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11 Foods That Taste Better In Summer

11 Foods That Taste Better In Summer

Something about the summer just makes some foods taste better. Sure, some fruits and veggies are only truly in season during the hot months, but the aesthetics of eating outside with the wind in your hair just changes the entire dining experience, and allows you to enjoy food you simply wouldn’t eat in the dead of winter. Most importantly, some of the best summer foods are also the healthiest.

1. Corn

July and August are the go-to days for sweet, buttery corn on the cob. (Of course, if we’re talking healthy, go easy on the butter). Corn goes well by itself, as a side, or in salads and salsas. No matter what month it is, the best time to eat corn is as soon as it’s harvested: as time passes, the sugars that give it that snap slowly turn to starch, and it loses its zing.

2. Blueberries

Blueberries are a sweet treat that can be found pretty much all over the country. They’re a natural source of antioxidants and Vitamin K, and have an incredible amount of health benefits. And they’re healthy on your wallet, too: compared to other berries and most tree fruits, blueberries are fairly inexpensive.

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3. Apricots

Apricots are generally freshest in May, but they don’t last too long unless dried or preserved. Biting into a fresh, juicy apricot is incredibly refreshing; biting into a not-so-fresh one is quite the opposite. However you prepare them, apricots are another source of antioxidants, and are reportedly good for your eyesight. Pick some up while they’re still fresh!

4. Cherries

May is also cherry season, although the West Coast enjoys an earlier harvest. The sweet and tangy fruit also has a wide variety of health benefits, such as arthritis relief and reduced muscle pain. Studies show that cherries might also reduce your risk of heart disease and stroke.

5. Avocados

Once again, May is the month to jump on the healthy fruit (yes, that big thing in the middle is a seed) bandwagon. Avocado is a soothing addition to salads, and is the main ingredient in healthy, homemade guacamole. Although they are produced year round in more temperate climates, domestically produced avocados are best during the early summer months. A quick peek at the vitamins avocados offer tells more than can possibly be explained here.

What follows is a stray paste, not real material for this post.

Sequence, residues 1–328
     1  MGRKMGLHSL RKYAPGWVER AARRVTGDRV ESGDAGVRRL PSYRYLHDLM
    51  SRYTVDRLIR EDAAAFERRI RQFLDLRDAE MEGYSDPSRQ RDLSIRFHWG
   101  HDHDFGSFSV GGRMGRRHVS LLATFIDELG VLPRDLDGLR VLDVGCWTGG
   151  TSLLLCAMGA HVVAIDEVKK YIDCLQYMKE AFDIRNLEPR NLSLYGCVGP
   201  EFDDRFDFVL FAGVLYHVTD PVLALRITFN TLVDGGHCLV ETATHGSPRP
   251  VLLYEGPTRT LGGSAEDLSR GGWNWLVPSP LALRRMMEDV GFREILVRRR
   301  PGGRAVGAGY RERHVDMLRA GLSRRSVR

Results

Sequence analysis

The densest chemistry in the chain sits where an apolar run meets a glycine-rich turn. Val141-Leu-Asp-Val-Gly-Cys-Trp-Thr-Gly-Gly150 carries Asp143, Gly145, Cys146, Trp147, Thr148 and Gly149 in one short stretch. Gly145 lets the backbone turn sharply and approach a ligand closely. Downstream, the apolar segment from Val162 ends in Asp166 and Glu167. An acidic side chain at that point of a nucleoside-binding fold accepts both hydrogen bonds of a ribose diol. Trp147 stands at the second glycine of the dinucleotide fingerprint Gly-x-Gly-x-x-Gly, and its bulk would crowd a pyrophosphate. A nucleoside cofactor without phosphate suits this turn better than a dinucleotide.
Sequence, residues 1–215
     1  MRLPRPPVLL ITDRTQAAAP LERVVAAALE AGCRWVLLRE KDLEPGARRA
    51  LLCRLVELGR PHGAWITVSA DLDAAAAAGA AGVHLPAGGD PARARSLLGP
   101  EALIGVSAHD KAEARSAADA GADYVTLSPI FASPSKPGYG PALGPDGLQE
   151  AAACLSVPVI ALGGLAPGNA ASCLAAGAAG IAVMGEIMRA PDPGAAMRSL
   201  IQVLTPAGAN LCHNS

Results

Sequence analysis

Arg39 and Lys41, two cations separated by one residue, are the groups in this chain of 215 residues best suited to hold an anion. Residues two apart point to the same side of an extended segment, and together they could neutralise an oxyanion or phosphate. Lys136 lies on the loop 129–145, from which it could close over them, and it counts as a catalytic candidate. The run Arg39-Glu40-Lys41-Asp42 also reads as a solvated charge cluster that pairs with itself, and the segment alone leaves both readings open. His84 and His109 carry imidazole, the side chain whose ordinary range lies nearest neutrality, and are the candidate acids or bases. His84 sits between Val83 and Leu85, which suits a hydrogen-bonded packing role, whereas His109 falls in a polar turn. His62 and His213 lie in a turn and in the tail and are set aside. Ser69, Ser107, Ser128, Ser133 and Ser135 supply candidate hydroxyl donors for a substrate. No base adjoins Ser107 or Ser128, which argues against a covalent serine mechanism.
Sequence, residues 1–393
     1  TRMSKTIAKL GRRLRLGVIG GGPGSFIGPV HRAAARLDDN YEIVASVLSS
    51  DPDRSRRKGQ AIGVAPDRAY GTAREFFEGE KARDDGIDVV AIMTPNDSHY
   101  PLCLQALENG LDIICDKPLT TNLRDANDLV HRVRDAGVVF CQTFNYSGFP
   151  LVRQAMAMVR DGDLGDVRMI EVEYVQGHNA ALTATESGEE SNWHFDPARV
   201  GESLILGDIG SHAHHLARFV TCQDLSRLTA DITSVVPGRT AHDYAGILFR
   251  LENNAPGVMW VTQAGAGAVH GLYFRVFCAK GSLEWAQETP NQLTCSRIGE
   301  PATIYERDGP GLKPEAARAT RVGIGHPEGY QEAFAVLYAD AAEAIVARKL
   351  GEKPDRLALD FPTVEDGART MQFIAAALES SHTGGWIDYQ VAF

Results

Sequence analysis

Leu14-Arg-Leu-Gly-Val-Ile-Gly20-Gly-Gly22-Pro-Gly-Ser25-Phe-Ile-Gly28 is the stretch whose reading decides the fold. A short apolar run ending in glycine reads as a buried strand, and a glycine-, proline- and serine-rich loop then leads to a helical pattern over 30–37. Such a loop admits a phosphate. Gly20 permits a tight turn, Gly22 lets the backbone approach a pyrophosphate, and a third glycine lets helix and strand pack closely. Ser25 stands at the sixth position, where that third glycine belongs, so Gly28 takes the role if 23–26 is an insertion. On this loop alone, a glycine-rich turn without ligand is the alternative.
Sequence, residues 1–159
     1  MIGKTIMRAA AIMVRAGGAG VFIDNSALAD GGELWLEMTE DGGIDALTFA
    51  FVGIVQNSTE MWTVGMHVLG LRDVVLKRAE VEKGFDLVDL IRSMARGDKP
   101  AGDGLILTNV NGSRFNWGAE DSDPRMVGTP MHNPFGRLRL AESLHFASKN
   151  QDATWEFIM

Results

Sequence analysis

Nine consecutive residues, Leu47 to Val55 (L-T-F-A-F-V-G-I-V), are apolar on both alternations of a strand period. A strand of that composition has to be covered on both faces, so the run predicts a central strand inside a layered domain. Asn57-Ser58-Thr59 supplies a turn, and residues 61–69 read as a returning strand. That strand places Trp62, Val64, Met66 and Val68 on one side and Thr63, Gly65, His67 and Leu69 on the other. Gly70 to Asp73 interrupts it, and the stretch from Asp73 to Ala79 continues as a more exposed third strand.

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6. Watermelon

I waited much too long to discuss the most obvious summer fruit out there. Made up of 90% (you guessed it) water, the juicy red melon is a great source of hydration on a hot summer day. Not only that, but watermelon contains more cancer-fighting lycopene than tomatoes, and is on the same level as spinach as far as iron content goes. Okay, I’m starting to get hungry…

7. Zucchini

Raw, grilled, or sautéd, zucchini is an incredibly versatile summer veggie that has a wide variety of health benefits. Not only does it contain no cholesterol or fat, but it also contains 35% of the recommended vitamin C intake. My wife has recently made me aware of the magic of zoodles, a substitute for pasta (which will come in handy during those sticky dog days of August).

8. Shrimp

Moving away from fruits and veggies, shrimp is a staple of the summer months. Anyone who’s seen Forrest Gump knows there are a plethora of ways to prepare shrimp. The “fruit of the sea” can be prepared as a light lunch, an appetizer, or part of the featured entree. The little guys are high in protein and iron, and low on calories. Which is good, because you can never have just one or two of them.